If you’re waiting for a single great antagonist to show up and lead the church astray, you’re looking for an individual, and missing all the antichrists running amok in the world. 1Jn 2.18 They’re already acting as if they’re God, as if all their false beliefs and self-delusions and unchristian behaviors are a legitimate substitute for Christianity. This lawlessness isn’t hiding, either: Not only are we Christians aware of it, but every pagan knows our churches are full of hypocrites, and they mock us for it. So they do a fine job of fulfilling this teaching.

Jesus is returning for them too.

Our focus on a single antagonist, misses the fact the apostles referred to both a lawless individual 2Th 2.3 and a general behavior of lawlessness. 2Th 2.8 It’s this anomía/“lawlessness” Jesus is also coming back to destroy. He’s not returning to destroy an individual bad guy, or lay waste to a group of people, but to defeat and be rid of evil.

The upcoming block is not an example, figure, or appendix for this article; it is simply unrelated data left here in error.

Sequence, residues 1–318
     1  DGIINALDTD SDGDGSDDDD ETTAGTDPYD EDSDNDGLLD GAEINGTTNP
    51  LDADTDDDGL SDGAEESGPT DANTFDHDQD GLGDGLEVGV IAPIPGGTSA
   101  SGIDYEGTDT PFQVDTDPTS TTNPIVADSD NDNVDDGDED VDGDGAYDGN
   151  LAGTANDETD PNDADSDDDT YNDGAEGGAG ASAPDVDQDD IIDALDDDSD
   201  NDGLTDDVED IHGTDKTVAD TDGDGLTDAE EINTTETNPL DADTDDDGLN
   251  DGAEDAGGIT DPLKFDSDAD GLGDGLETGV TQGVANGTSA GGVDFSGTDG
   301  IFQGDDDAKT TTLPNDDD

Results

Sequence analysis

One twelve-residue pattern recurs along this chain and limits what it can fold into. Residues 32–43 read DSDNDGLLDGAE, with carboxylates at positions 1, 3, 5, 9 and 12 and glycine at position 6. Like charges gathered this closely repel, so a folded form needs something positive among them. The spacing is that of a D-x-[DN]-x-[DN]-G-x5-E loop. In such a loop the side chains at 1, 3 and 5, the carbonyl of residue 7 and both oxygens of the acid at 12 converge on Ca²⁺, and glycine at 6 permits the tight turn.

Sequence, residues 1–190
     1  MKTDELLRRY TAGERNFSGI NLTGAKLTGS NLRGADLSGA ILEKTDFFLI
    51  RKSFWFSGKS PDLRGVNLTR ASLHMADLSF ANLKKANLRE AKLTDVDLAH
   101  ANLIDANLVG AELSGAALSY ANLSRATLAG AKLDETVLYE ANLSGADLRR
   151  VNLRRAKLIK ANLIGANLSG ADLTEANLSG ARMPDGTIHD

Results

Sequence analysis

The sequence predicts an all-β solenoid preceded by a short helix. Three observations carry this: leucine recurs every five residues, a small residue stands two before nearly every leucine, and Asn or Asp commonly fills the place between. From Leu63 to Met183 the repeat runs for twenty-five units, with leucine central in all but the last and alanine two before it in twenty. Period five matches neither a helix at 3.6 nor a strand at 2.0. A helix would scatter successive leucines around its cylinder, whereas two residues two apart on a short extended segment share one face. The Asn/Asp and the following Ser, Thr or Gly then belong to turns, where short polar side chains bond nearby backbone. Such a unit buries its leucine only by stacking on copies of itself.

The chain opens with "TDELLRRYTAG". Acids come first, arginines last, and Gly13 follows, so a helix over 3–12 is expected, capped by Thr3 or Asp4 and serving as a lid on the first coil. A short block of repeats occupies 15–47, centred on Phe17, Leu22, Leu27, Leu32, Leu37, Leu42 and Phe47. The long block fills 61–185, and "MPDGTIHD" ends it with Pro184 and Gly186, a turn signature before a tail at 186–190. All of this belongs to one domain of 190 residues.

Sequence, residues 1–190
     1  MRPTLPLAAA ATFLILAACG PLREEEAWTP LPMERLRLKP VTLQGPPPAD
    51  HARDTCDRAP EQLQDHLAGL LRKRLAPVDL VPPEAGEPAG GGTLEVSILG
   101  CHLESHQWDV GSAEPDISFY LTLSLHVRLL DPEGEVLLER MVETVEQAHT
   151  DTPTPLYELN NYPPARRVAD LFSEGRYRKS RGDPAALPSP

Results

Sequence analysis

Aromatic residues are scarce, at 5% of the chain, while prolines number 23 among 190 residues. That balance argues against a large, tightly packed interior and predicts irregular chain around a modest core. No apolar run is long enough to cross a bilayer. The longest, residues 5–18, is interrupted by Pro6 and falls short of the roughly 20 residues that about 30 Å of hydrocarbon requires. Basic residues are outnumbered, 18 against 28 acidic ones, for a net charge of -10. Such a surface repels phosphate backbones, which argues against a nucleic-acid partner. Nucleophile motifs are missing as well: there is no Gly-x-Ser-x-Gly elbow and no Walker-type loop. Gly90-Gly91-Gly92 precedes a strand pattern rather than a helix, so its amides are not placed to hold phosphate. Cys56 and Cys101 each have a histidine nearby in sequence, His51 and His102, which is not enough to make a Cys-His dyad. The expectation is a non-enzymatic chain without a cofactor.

We need to demonstrate our allegiance to Jesus by purging this evil behavior from among us. It has no place in his church, nor his kingdom. Those who teach lawlessness may as well strap a millstone to their students and toss ’em into the sea. Lk 17.2 They’re adding to the numbers of the damned, instead of adding to the kingdom. They’re doing far more harm to the church than any mere capital-A Antichrist could.

So fight lawlessness. Not by demanding people follow the Law, or punishing them if they don’t; never by legalism. But get away from anyone who claims we needn’t worry about the Law anymore—and therefore we’re permitted to keep sinning, ’cause grace makes up for it. Ro 6.1-2 Grace doesn’t work like that. It’s for people who are trying and stumbling, and empowers us to try again. It’s not for people who aren’t trying at all. Back off from those who aren’t trying, and follow them no more. Follow Jesus.